most of you know that my coming out gay and leaving the church of my childhood (as well as that of my sons’) were simultaneous events almost 6 years ago. with the exception of funerals, I haven’t been back, spurned by the hypocrisy I see in religion and the cruel slap it wielded to the souls of my family.
I know many of my friends who accept my homosexuality with open arms mourn my bitterness and refusal to return. they pause–even grimace–when I speak of the “Universe” and its movement in my life versus the religious contexts and cliches I used to speak in. and they wait patiently hoping I’ll return some day. (note: my belief
in love and God/creator/source of that love has never ceased.)
for me, the journey away from my bitterness and disgust of religion is arduous and painful. yet it is a lifelong part of who I am and I know that I must find resolution. refusing to recite the Lord’s Prayer as part of a congregation at a wedding or a funeral is not the only manifestation of my distaste; there is eye-rolling and anger, particularly in this current political climate when the blatant hypocrisy and hate of supposed Christ-followers offends every fiber of my being.
since i came out, I’ve had a few invitations to attend the churches of friends–the local mega non-denom church in our little town, the gay church in FW. but I just wasn’t interested. religion simply does not occupy a place in my life any more. all the work I did seeking affirmation and lifelong attempt to be what I was not to fit in and find acceptance was exhausting. I do not miss it. and while I miss some people (oh and singing! how I miss it!) now that I know how false (or conditional) much of their love was, I have no desire to ever return.
recently, though, a romantic interest, knowing of my background and work in a church body but not of my current attitude, invited me to his church in Dallas. throwing me for a loop, i promptly froze, balked, and stuttered. I was not prepared for this whatsoever.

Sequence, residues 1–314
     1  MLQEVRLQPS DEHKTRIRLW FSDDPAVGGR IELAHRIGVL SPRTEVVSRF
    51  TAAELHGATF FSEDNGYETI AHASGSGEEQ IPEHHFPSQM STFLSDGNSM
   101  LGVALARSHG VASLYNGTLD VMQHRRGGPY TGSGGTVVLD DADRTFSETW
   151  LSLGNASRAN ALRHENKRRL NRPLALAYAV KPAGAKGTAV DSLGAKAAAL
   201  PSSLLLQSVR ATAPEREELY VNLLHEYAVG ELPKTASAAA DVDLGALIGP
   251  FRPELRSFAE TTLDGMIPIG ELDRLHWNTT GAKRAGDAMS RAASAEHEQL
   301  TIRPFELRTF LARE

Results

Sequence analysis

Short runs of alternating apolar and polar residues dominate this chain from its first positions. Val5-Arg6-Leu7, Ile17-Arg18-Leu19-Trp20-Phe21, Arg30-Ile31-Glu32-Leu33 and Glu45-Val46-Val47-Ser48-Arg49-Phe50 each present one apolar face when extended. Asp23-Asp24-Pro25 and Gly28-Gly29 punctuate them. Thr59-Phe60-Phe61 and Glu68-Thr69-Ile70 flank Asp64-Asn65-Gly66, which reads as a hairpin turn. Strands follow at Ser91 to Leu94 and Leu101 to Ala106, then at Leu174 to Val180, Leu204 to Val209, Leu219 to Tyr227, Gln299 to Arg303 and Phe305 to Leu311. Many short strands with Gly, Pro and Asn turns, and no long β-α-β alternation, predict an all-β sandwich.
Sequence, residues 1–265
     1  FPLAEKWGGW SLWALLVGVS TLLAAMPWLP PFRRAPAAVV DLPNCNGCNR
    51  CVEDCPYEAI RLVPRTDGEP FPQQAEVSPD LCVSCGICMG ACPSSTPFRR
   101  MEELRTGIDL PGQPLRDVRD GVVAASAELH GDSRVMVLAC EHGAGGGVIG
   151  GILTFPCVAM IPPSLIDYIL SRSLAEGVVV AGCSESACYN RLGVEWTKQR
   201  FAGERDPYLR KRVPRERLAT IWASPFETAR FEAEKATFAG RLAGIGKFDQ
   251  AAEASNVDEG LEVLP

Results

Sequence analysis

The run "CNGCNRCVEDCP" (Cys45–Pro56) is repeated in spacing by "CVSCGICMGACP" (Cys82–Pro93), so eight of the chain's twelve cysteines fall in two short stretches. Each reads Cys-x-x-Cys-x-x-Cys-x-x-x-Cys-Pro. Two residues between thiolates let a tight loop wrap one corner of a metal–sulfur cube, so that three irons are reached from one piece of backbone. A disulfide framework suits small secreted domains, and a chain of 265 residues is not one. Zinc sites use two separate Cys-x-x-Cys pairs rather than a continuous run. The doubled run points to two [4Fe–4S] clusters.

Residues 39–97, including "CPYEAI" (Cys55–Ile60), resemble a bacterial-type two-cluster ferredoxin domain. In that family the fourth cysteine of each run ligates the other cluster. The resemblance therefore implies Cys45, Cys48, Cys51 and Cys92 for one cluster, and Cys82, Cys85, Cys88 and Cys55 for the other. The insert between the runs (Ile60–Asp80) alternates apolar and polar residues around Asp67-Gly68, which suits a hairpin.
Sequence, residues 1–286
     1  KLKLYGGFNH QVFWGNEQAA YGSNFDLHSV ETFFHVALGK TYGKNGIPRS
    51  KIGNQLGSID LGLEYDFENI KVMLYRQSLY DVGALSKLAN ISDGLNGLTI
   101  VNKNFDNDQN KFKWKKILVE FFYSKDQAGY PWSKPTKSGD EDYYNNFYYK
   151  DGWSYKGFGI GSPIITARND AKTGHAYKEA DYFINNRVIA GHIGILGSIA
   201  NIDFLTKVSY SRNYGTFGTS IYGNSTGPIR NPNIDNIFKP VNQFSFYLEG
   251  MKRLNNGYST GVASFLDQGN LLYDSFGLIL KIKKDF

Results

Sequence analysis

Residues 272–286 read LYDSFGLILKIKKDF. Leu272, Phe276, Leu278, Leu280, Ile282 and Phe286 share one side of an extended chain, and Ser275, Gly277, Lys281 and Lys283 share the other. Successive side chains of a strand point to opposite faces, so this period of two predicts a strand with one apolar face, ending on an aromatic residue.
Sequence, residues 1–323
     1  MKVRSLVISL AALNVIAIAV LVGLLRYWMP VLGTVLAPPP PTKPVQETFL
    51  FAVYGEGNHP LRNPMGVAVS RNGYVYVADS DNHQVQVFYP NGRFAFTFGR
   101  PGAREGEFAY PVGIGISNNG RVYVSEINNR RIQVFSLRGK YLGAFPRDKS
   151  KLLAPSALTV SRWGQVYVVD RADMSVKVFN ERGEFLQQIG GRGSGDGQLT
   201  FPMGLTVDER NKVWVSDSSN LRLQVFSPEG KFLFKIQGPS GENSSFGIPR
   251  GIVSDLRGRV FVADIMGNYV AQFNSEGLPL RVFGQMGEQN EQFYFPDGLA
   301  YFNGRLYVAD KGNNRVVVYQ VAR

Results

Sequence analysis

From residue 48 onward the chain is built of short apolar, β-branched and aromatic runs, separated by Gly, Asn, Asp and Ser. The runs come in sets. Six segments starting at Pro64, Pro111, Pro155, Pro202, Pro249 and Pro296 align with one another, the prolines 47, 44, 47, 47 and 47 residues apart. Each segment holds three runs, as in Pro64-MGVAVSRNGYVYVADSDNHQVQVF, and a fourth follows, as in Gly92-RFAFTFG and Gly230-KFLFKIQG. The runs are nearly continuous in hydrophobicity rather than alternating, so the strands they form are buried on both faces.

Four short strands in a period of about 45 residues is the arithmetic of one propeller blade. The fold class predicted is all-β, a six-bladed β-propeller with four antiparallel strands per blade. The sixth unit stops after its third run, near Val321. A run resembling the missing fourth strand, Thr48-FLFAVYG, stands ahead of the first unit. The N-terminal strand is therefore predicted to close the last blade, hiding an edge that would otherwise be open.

I’ve had a week to think about it. and the one thought that rose to–and stayed on–the top was the fact that this could very well be the Universe providing me with an opportunity to begin the process of reconciling my loathe of religion with the spiritual part of my being. it was also important to me to not do this FOR a man and to be able to tell him “I’m not ready right now.” those two conditions have graciously been met.
I went to the funeral of a co-worker’s father yesterday. I did not sing the first song and I did not recite the prayer with the others. But when we sang “How Great Thou Art”–a song that each time I hear it reminds me of singing it alongside my mother my whole life and also triggers emotion as I know it will be a selection a her funeral some day–I joined in. and though I have doubt about the lyrics and their meaning, it was comforting. the tenor notes that sprang effortlessly from my memory and voice brought back precious memories of some of the things I was taught in my religious upbringing–things that ugliness and hypocrisy and ignorance cannot take away from me.
this experience, along with the loving advice of my 2 dearest friends (who i’d called immediately) and the patience of a kind man willing to hold my hand when I’m ready and show me what place religion has in his life, convicted me to attend tomorrow.
I don’t know what to expect or how I will react. but I will go with an open mind and an open heart. I already feel so much emotion–talking to them and him about it and writing this now.
but I believe, ultimately, this is a step I need to take.
I’ll keep you posted.